He was only 21 years old the night he made plans to go out drinking with a neighbor and some friends. Hung and the neighbor sat around the house, smoking and playing cards until their friends rang them to say a mob had caught them stealing a dog and could they please come help. The boys rushed beyond the gate to rescue their friends only to be overwhelmed less than a mile down the road.

According to press accounts of their demise, dozens of villagers riding motorbikes began chasing Hung and his neighbor after spotting them dragging a dog down the road. The chase continued from one commune to the next and ended after the two boys ditched their bike and the dead dog and dashed into a nearby field.

The neighbor never made it out of the field; Hung died slowly and painfully in a taxi on its way to the hospital. The old man believes the real thieves escaped with their lives.

The old man denied that Hung had been an addict or a dog thief—just a kid who wanted to help save his friends’ lives. The police never investigated the crime. A large photo of Hung and his young wife, posing in martial arts uniforms, stared out from an adjoining wall; she has since remarried.

“Our family didn’t sue because we didn’t know who killed Hung,” he said. “Too many people, perhaps as many as 1,000 people, beat him.”

Hung’s mother offered another explanation for the lack of a police investigation: “We didn’t have the money.”

On my way back into Vinh, I stopped to watch a bald man with long teeth carve up a dog in the back room of the home restaurant he’d named after himself. When I poked my head in, I found him squatting over a concrete floor coated in blood and laden with bones. Two dogs watched him work quietly from a cage, their eyebrows arched in anguish. He grinned affably as he cleaved a skull and tossed the halves into a stew pot.

His curvy assistant, protected against the mess by green rain boots invited me into the front room. She’d never met a foreigner and wasn’t married. After some flirting, she recalled the day she tumbled across a charred corpse in the road on her way to work.

“I felt nothing,” she told me, smiling. “He was a dog thief, after all.”

9. Facing down the dog market

The walk from my hotel to the Vinh dog market snaked through warehouses, empty lots, and rows of women selling fish and vegetables from worn carts or simply banana leaves laid out in the mud.

Eventually, I came to a double-row of brick stalls containing a half-dozen dog slaughterhouses, and a hair salon run by a pretty woman recently deported from Russia. She and her customers didn’t seem to notice the smells of burning hair, shit, and piss; I never saw them flinch at the chorus of whimpering, snarling, or plaintive barking. The emaciated creatures peering out from grim holding cages elicited all the empathy that lobsters in a tank would.

To find out how this place worked, I volunteered to help draw customers to a family operation run by a woman named Ngoc who “hired” me while pacing angrily in high heels, chewing on a toothpick and talking into an iPhone covered in Louis Vuitton logos. She insisted that dog thieves played no role in her operation.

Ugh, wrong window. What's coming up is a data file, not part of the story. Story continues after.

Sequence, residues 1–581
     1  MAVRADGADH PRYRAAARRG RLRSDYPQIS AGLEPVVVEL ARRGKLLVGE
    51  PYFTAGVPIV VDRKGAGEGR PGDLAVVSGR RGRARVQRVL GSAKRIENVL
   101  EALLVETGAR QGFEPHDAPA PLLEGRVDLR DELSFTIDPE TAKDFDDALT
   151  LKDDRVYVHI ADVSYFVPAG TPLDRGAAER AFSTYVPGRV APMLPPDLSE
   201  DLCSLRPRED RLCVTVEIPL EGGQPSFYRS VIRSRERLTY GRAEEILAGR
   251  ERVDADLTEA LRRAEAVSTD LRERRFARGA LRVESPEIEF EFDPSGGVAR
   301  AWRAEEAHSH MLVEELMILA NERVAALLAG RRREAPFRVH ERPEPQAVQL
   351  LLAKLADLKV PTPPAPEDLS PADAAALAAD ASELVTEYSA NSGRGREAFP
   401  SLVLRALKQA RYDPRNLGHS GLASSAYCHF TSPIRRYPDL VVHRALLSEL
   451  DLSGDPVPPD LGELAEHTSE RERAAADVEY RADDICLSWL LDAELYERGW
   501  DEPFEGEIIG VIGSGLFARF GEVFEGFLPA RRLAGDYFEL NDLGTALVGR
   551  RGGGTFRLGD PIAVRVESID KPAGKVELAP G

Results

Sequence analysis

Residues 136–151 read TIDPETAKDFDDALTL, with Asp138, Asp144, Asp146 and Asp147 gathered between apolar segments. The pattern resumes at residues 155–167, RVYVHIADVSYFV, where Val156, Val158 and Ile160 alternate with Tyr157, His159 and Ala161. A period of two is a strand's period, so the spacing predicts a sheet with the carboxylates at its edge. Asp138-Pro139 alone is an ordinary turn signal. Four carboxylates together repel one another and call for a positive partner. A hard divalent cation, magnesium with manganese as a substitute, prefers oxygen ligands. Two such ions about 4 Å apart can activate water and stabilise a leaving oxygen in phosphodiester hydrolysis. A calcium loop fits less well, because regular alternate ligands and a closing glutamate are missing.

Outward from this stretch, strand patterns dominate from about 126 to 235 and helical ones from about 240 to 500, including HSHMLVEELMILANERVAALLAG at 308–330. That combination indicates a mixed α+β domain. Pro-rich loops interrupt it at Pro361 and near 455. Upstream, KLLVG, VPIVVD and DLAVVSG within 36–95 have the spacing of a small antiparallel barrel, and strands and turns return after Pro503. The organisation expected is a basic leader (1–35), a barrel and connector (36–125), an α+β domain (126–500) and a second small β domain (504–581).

“We beat them to death around here,” she said just as a pair of men in tracksuits pulled up with shaved heads. The man on the back stepped off with a dog in a rice sack revealing a nasty scar across his neck.

“Only drug addicts steal dogs and sell them—for drugs,” Ngoc said as she pulled out a green scale to weigh her purchase. “I don’t buy from drug addicts.”

“What does a drug addict look like?” I asked.

“They look like him,” she scoffed, pointing to her nephew, who peered up from the latest edition of the official police crime blotter to announce that his home had also lost dogs to thieves whom he wished he’d beaten to death.

A few hours later, Ngoc banished me to the little wooden table where her parents sold tea, peanut candy, and puppies.

In the ensuing hours I caught sight of a stringy brown mutt licking a German Shepherd’s massive head wound. Before I could ask why a farmer would go to the trouble of braining his dog before taking it to market, a retired Russian language instructor pulled up in crisply-ironed clothes and selected one for butchering.

10. Anarchy in the abattoir

Unlike with cows or chickens or pigs, Vietnamese law contains no provisions on the slaughter of dogs. When the Ho Chi Minh City Animal Health Agency asked their superiors in Hanoi to extend the rules governing the killing of pigs to dogs in 2009, they received a letter saying the agency would do no such thing. One of the letter’s bullet points contained a list of foreign animal rights organizations who disapproved of such a measure. Another stated that no other country in the world had established protocols governing the slaughtering dogs for human consumption—a fact it attributed to dog meat being “unfit for human consumption.”